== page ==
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How to Deploy Your Bridgetown Site to Github Pages

Andrew Mason

Andrew Mason

Published Mar 23rd, 2022

With the release of Bridgetown version 1.0 came several new bundled configurations for deployment, in addition to other powerful new features.

I was personally able to introduce a bundled configuration for deploying to Vercel in bridgetownrb/bridgetown#483. After the final v1 release, I was pouring over the changes and, to my delight, I discovered that a bundled configuration for GitHub Pages was added in bridgetown/bridgetownrb#503.

Before I explain why I was overjoyed with this addition from Ayush, let’s deploy a Bridgetown site to GitHub Pages using this new configuration to see how it works!


Make sure Bridgetown v1.0 or higher is installed, otherwise the gh-pages bundled configuration will not be available.

⚠️ This tutorial assumes you are creating a “Project Site”. If you are trying to create a user or organization site, you may not need to make the configuration changes below.

Getting Started

If you have an existing Bridgetown site you want to deploy to GitHub Pages, run bin/bridgetown configure gh-pages from the root of your project to add the necessary files and skip the following step.

If you do not have an existing site, let’s create a new one with the gh-pages configuration.

bridgetown new bridgetown-gh-pages-demo -t erb -c gh-pages && cd bridgetown-gh-pages-demo

If done correctly, you will see the following output in your terminal, accompanied by further instructions: 🎉 A GitHub action to deploy your site to GitHub pages has been configured!

Updates for GitHub Pages

We need to make two updates to our site to make it work correctly on GitHub Pages as detailed in the configuration output.

The URL of our deployed site will be https://<username>.github.io/<repository>/, where <repository> acts as a base path for the site. For me, that URL was https://andrewmcodes.github.io/bridgetown-gh-pages-demo/.

First, we need to update the base_path in our Bridgetown config file bridgetown.config.yml:

- base_path: ""
+ base_path: "/bridgetown-gh-pages-demo"

Secondly, esbuild is now the default build tool in Bridgetown v1.0, and we need to tell it that our publicPath is now prefixed with /bridgetown-gh-pages-demo in esbuild.config.js:

- const esbuildOptions = {}
+ const esbuildOptions = { publicPath: "/bridgetown-gh-pages-demo/_bridgetown/static" }

That should be all the setup we need to do!

⚠️ One thing you may need to check for on an existing site is that you are using resource.relative_url instead of passing the location directly to any anchor tags for example. #relative_url will correctly add the base path we configured in bridgetown.config.yml to the links that you will otherwise have to add manually.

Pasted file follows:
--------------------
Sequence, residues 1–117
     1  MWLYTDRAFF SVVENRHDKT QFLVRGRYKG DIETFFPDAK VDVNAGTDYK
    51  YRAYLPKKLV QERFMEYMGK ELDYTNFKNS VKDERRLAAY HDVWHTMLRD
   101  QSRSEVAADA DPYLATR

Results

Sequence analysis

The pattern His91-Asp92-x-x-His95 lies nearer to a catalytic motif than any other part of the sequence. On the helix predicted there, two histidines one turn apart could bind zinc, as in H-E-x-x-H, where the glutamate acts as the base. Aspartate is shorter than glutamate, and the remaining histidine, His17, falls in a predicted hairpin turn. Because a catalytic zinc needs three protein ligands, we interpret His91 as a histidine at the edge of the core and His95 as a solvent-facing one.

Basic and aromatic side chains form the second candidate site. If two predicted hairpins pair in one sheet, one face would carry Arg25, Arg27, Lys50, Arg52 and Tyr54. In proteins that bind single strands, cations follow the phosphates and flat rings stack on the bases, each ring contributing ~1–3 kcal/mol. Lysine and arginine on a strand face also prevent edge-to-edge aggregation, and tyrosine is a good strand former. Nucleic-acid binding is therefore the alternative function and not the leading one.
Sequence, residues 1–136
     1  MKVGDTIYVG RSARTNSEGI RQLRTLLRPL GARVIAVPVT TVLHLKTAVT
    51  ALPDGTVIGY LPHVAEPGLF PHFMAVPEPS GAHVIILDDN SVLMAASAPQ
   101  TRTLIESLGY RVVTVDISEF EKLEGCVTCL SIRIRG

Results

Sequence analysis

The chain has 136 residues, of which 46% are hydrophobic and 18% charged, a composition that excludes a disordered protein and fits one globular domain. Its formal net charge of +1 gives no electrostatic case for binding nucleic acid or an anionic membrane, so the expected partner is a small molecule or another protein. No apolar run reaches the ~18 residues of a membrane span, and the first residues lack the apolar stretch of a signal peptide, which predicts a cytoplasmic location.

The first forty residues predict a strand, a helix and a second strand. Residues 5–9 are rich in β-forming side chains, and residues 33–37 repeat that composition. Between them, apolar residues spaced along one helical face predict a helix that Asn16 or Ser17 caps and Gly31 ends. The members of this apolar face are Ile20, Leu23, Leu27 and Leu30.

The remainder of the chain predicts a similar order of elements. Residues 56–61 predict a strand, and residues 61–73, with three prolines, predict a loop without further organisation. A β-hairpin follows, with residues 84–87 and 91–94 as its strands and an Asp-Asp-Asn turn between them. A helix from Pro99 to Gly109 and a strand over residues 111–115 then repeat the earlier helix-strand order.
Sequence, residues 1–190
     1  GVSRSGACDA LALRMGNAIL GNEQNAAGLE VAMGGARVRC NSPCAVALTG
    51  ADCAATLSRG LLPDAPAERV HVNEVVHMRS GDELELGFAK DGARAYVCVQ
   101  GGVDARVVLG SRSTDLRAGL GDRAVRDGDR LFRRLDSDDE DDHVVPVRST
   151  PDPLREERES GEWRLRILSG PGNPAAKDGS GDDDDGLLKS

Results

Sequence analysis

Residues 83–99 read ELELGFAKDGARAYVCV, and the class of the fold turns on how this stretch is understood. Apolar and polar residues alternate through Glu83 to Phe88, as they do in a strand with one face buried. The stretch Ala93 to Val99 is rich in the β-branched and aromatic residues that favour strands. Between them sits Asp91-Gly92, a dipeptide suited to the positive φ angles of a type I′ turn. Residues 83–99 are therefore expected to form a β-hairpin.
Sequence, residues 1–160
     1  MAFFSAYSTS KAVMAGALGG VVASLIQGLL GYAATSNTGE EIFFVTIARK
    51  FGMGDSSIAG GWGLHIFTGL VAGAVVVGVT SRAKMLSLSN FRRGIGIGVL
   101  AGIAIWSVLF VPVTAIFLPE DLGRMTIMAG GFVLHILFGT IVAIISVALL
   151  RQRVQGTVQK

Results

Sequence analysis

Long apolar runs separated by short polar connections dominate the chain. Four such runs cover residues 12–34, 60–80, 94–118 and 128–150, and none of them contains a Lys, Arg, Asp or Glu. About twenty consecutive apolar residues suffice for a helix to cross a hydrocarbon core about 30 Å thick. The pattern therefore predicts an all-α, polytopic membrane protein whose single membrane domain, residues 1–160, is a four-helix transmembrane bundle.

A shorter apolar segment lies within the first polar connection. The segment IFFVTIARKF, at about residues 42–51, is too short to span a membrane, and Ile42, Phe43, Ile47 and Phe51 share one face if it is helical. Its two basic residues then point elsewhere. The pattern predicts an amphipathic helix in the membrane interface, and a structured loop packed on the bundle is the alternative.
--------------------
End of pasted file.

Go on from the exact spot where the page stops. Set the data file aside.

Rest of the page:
Pushing Our Work

Let’s add and commit this code:

git add . && git commit -m "chore: initial commit"

Next, create your repository using your preferred method. I find myself reaching for the GitHub CLI these days:

gh repo create bridgetown-gh-pages-demo --public --source=. --push

If you set up the repository from the GitHub UI, don’t forget to add the remote origin and push, which the CLI command above handles for us:

git remote add origin https://github.com/USERNAME/bridgetown-gh-pages-demo.git
git push -u origin main

Configure GitHub Pages and Deploy

You may have noticed an action started automatically when you pushed your code, which kicked off a GitHub Pages deploy. Once the action completes successfully, we should have a branch named gh-pages with our static site contents.

The last thing we need to do is tell GitHub Pages to use the gh-pages branch as it’s source in Settings -> Pages.

Navigate to the settings page and set the source from None to gh-pages and click save.

GitHub Pages Public URL

Once the automatic deployment completes, your site URL should be displayed! Navigate to it in your browser and verify everything works correctly.


GitHub Pages Public URL

I want to give another big shoutout to Ayush for adding this bundled configuration to Bridgetown v1.0!

Why? Because now the former art that I had been (lazily) maintaining can be archived and taken off my plate. 🎉

Farewell Old Code

In the summer of 2020, I created bridgetown-gh-pages-action, which attempted to solve the same problem of making deploying your Bridgetown site to GitHub Pages automatic and seamless.

Unfortunately, as I discovered with many of the GitHub Actions I created earlier on, maintenance was a pain, it was not flexible, and the issues were specific to the users environment and almost impossible to debug.

With the introduction of the new gh-pages bundled configuration, I will be archiving this action and it will not receive any future updates.

Final Thoughts

I am interested to see whether this configuration will cause similar issues and churn that I went through on this and several other actions now that it is in Bridgetown. The reality is that these actions are great at the golden path, but tend to fall over if the user has left that path.

By the way, if you are in this situation, you should be creating your own custom action with the library versions you need, not reaching for something off the shelf.

For now, I will be keeping my eyes on the issues to see if I can pitch in when the inevitable “bug” report comes in.

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